As our cathedral, and so many other houses of worship, tries to wrestle with what sacrament means at this time of online worship, I keep coming back to the fact that Christ called us to love our neighbors in the flesh. And so I am troubled by this discussion of “online consecration,” precisely because it would imply that we are able to receive the Body of Christ (not as an emergency measure for the critically ill, but as a corporate practice) divorced from the flesh of our neighbor. Divorced from it, as Christ never is. 

For those of you who live in families, this separation may be less acute than it is for people like me, who are single and living alone. You may still be able to tend the flesh of others, the sweet flesh of an infant, or the stinking reality of her diaper, or the more challenging reality of someone’s adult diaper — that thing we all fear until it becomes a tool which gives us freedom. But for many of our members, “online Communion” would be claiming a spiritual privilege without that lived reality of incarnation, which in Christ never refers only to our own flesh.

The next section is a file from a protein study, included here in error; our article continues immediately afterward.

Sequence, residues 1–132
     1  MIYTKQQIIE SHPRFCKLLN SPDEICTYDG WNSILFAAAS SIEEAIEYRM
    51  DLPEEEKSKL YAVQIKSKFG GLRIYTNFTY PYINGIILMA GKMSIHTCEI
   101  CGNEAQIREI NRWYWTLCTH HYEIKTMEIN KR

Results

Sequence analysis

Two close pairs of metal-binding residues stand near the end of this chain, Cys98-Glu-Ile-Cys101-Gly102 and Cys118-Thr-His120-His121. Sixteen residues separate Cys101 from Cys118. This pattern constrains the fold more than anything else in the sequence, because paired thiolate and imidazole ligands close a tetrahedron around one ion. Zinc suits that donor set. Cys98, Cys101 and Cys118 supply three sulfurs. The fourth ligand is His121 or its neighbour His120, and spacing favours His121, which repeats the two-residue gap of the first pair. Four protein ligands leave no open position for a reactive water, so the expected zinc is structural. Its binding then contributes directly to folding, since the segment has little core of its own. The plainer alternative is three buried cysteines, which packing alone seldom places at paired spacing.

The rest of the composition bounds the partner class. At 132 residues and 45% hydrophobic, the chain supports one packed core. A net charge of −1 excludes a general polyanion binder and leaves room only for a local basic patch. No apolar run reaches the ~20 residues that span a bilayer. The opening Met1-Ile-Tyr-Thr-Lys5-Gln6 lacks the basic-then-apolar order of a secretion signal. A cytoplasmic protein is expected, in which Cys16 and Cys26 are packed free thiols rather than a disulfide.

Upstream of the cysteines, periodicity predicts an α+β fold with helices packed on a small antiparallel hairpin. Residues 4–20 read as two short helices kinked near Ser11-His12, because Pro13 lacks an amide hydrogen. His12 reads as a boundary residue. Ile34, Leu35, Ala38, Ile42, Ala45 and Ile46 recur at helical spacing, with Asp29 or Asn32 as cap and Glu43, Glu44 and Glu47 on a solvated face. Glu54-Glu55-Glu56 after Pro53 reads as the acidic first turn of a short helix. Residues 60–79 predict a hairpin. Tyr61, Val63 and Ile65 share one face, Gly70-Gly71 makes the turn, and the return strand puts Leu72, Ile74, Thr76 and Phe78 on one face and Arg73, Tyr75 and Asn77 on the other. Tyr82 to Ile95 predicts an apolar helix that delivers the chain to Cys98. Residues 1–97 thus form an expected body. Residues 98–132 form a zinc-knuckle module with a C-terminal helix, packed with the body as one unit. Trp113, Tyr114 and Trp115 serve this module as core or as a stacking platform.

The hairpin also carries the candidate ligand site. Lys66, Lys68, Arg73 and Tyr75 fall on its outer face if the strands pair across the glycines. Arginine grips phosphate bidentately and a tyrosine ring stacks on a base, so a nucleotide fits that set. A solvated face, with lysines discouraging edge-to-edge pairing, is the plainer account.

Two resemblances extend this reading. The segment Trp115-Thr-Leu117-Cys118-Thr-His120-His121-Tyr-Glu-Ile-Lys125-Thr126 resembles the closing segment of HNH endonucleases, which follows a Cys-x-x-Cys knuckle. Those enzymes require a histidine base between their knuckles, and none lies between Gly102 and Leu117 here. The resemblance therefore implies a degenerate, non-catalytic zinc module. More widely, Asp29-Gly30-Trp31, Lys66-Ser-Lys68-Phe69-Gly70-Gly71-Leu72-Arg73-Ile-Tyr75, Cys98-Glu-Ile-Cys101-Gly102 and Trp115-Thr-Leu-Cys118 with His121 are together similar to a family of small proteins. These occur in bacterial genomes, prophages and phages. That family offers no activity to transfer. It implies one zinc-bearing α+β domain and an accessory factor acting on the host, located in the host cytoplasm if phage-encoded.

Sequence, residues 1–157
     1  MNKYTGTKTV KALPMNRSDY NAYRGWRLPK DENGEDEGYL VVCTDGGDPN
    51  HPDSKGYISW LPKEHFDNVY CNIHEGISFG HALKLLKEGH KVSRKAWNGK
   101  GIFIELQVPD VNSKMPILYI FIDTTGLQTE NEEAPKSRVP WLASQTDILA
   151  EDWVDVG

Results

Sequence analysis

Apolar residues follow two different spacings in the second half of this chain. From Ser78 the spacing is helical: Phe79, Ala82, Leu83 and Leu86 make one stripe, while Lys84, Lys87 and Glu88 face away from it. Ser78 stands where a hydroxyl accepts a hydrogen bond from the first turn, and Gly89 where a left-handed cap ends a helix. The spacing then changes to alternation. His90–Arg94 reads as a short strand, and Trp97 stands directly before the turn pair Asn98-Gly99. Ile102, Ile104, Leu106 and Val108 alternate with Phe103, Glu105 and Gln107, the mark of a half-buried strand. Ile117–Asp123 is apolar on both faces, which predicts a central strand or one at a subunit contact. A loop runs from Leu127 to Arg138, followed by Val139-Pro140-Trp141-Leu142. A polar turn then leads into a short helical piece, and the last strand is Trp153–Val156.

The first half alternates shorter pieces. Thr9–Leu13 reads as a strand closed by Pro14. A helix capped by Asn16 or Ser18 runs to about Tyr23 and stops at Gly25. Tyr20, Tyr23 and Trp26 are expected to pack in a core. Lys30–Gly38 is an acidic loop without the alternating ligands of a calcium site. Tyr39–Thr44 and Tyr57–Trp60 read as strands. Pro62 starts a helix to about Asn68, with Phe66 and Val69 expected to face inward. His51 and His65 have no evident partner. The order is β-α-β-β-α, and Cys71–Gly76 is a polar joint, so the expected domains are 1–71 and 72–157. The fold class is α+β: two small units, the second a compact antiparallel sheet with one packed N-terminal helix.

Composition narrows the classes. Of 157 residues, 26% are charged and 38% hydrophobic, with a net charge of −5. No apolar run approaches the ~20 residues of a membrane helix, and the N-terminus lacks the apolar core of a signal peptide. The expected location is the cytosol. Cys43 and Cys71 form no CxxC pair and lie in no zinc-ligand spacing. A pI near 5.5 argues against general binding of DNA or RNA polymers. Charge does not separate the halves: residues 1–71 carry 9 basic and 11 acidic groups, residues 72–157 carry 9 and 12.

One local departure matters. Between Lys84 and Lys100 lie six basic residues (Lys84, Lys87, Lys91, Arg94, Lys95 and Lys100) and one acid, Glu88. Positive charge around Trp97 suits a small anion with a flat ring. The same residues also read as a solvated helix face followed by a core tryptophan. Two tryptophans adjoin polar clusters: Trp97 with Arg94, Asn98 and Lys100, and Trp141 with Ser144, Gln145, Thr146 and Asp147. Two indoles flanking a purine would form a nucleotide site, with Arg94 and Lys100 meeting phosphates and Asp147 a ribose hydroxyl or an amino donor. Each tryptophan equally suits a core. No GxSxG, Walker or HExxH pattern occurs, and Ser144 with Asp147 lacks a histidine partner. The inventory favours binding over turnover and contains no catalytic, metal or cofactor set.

There is a temptation in that: it is so easy to participate in a “spiritual community” which is oriented toward our consolation. One which tells us we are loved; we are special; we have been and are being saved. (And we are, all those things.) It is so much more difficult to encounter the embodied reality of the stranger, so difficult that we fail, over and over again. And so what are saying if we suggest that you can have Christ in the most intimate way possible without that other communion, the one he died to give us? If we cannot manage to eradicate racism and violence and predatory business practices which prey upon the bodies of the poor when we are unable to receive the flesh of God without also receiving the flesh of our neighbor, how will we learn to see and act if we think we can have it all without that intimate challenge? What God will we be tempted to follow?